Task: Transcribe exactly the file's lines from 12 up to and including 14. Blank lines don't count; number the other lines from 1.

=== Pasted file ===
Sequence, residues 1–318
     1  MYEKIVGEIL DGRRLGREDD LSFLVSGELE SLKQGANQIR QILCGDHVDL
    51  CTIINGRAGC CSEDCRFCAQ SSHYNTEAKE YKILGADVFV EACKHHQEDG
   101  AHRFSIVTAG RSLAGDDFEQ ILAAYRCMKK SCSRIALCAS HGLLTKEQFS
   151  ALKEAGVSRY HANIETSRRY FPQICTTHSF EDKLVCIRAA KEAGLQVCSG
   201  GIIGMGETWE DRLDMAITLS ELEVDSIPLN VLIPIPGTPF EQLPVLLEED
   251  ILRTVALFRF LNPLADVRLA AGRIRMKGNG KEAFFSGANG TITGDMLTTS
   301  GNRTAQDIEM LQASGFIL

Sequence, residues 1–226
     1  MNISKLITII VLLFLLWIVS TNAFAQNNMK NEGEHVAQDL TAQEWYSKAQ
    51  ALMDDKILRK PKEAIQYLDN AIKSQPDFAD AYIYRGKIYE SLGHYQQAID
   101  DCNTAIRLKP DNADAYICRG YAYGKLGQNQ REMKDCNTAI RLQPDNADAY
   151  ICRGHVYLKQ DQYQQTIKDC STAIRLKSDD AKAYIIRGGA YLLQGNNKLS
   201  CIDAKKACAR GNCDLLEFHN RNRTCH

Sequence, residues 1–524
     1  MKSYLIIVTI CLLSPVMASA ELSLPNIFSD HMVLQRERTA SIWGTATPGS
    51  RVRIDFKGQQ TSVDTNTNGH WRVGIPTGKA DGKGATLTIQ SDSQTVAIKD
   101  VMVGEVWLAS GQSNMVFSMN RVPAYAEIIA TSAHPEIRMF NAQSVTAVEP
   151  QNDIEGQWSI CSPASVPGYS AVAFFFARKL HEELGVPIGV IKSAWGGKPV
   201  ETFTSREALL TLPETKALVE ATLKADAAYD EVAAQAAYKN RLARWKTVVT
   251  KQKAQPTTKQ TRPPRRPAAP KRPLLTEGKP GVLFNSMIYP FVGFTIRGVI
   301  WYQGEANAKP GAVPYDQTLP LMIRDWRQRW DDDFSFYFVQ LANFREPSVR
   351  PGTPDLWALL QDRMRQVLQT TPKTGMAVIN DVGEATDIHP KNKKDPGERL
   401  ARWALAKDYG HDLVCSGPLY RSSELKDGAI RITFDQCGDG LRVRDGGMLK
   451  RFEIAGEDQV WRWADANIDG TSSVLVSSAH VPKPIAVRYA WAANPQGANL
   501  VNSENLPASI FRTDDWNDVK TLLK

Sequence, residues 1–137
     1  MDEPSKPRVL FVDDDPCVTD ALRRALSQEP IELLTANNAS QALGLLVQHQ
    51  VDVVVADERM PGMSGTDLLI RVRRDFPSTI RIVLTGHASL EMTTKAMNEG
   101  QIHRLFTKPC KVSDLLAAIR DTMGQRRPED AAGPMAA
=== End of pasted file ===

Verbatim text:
   101  DCNTAIRLKP DNADAYICRG YAYGKLGQNQ REMKDCNTAI RLQPDNADAY
   151  ICRGHVYLKQ DQYQQTIKDC STAIRLKSDD AKAYIIRGGA YLLQGNNKLS
   201  CIDAKKACAR GNCDLLEFHN RNRTCH